Obesity Surgery

, Volume 19, Issue 2, pp 217–229 | Cite as

Do Incretins Play a Role in the Remission of Type 2 Diabetes after Gastric Bypass Surgery: What are the Evidence?

  • Mousumi BoseEmail author
  • Blanca Oliván
  • Julio Teixeira
  • F. Xavier Pi-Sunyer
  • Blandine Laferrère


Gastric bypass surgery (GBP), in addition to weight loss, results in dramatic remission of type 2 diabetes (T2DM). The mechanisms by which this remission occurs are unclear. Besides weight loss and caloric restriction, the changes in gut hormones that occur after GBP are increasingly gaining recognition as key players in glucose control. Incretins are gut peptides that stimulate insulin secretion postprandially; the levels of these hormones, particularly glucagon-like peptide-1, increase after GBP in response to nutrient stimulation. Whether these changes are causal to changes in glucose homeostasis remain to be determined. The purpose of this review is to assess the evidence on incretin changes and T2DM remission after GBP, and the possible mechanisms by which these changes occur. Our goals are to provide a thorough update on this field of research so that recommendations for future research and criteria for bariatric surgery can be evaluated.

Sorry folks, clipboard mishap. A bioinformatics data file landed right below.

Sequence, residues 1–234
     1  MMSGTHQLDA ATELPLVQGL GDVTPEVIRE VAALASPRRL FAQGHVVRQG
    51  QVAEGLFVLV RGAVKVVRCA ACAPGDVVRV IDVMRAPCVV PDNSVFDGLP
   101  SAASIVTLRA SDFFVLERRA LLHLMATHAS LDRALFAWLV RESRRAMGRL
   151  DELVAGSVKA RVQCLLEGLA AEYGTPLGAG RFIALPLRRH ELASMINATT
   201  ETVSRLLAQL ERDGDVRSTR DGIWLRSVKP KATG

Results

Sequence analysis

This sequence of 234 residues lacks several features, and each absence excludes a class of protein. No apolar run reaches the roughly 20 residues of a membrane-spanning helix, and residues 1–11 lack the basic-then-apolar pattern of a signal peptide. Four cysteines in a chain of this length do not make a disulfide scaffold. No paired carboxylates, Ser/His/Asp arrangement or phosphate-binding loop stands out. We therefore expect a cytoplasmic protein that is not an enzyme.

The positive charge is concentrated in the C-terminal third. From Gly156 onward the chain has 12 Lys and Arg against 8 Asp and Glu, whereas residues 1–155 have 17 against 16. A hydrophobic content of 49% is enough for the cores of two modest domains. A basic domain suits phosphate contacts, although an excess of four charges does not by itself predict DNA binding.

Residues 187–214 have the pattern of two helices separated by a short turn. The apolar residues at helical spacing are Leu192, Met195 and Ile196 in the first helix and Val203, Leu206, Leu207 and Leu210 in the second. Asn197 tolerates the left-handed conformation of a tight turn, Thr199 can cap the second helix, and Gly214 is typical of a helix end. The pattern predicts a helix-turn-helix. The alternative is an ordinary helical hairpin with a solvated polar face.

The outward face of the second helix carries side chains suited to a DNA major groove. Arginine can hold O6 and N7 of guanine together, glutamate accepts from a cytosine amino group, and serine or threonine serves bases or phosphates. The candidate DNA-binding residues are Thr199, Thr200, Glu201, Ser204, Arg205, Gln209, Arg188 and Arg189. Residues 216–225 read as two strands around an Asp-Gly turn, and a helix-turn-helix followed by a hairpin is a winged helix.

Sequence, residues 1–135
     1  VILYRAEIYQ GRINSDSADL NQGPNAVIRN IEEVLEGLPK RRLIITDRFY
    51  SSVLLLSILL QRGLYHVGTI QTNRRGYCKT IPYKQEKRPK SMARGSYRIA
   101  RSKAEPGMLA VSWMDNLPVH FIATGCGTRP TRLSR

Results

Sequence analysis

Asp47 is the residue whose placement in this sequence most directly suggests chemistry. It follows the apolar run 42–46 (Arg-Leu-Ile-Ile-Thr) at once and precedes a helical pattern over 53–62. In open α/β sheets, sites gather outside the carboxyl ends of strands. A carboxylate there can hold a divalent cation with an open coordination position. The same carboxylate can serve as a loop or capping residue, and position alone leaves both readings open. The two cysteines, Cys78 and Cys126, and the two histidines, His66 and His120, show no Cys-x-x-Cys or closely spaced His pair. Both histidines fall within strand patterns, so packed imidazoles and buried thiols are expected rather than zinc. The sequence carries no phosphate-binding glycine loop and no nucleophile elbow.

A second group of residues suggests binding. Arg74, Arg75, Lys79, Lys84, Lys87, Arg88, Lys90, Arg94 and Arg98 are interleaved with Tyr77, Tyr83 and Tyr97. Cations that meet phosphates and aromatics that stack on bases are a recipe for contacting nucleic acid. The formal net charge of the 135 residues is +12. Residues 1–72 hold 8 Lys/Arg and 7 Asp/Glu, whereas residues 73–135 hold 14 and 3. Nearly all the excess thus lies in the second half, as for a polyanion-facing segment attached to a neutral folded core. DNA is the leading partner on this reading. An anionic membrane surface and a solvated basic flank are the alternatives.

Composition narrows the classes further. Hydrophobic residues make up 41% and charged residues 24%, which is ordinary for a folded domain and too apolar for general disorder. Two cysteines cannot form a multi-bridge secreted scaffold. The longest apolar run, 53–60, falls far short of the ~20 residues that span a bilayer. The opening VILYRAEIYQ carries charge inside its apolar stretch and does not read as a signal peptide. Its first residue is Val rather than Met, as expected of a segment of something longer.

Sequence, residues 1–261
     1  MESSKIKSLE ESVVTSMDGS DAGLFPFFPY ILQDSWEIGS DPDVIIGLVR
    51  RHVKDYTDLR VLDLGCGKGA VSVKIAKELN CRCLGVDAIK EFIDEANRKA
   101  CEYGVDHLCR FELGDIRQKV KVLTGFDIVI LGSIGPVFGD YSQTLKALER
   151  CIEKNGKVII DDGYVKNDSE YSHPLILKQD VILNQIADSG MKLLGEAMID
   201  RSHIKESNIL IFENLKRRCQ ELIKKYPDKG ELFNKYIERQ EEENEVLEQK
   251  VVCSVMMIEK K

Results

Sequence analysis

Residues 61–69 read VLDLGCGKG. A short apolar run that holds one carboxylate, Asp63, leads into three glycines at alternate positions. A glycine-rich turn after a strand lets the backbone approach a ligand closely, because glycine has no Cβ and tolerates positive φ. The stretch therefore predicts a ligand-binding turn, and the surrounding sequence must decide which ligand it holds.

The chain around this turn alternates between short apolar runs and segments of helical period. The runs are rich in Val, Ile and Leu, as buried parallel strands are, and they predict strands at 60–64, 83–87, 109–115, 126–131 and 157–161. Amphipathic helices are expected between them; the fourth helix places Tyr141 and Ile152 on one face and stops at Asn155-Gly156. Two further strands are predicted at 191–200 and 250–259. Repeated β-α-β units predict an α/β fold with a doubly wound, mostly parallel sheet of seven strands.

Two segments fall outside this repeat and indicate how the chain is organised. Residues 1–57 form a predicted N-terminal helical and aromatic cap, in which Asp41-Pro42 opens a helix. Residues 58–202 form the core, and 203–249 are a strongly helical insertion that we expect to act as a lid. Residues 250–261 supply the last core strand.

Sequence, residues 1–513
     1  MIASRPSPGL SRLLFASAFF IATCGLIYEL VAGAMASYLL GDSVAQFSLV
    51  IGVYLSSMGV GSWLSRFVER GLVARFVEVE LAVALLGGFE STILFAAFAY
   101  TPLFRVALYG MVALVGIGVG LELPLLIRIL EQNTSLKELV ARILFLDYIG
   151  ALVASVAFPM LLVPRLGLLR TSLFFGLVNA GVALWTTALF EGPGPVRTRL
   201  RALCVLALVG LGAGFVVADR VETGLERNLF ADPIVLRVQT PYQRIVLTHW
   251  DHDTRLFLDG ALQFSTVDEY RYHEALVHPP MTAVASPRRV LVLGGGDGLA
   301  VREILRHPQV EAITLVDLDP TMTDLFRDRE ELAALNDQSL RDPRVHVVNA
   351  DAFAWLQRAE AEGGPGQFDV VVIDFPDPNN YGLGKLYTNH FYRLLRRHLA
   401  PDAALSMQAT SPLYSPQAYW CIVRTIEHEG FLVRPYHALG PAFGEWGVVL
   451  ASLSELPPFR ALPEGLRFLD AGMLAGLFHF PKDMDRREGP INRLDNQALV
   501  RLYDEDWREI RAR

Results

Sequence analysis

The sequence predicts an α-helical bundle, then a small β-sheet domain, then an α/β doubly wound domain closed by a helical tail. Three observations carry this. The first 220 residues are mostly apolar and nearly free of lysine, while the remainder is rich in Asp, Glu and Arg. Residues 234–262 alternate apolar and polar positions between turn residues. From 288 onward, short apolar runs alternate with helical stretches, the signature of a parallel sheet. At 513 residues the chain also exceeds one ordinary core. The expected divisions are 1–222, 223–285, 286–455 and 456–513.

Incretin GLP-1 GIP Diabetes Gastric bypass Insulin Weight loss 



type 2 diabetes mellitus


gastric bypass surgery


gastric inhibitory peptide-1


glucagon-like peptide-1


dipeptidyl peptidase-IV


hemoglobin A1C


vertical banded gastroplasty


gastric banding


jejunoileal bypass


biliopancreatic diversion


body mass index


oral glucose tolerance test


hepatic glucose production


homeostasis model assessment for insulin resistance


quantitative insulin sensitivity check index


intravenous glucose tolerance test


peptide YY


impaired glucose tolerance


frequently sampled intravenous glucose tolerance test


area under the curve


ileal interposition




gastrojejunal bypass


duodenal-jejunal bypass





The authors would like to thank Ms. Baani Bawa, Ms. Adrienne O’Reilly, and Ms. Caroline Poryles for their assistance in manuscript preparation. This work was funded by the National Institute of Health training grant #DK07559.

Author Disclosures

M. Bose, B. Oliván, J. Teixeira, F.X. Pi-Sunyer, and B. Laferrère have no conflicts of interest.


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Copyright information

© Springer Science + Business Media, LLC 2008

Authors and Affiliations

  • Mousumi Bose
    • 1
    • 3
    Email author
  • Blanca Oliván
    • 1
  • Julio Teixeira
    • 2
  • F. Xavier Pi-Sunyer
    • 1
  • Blandine Laferrère
    • 1
  1. 1.New York Obesity Research Center, St. Luke’s Roosevelt Hospital CenterColumbia University College of Physicians and SurgeonsNew YorkUSA
  2. 2.Division of Bariatric Surgery, St. Luke’s Roosevelt Hospital CenterColumbia University College of Physicians and SurgeonsNew YorkUSA
  3. 3.New York Obesity Research CenterSt. Luke’s Roosevelt Hospital CenterNew YorkUSA

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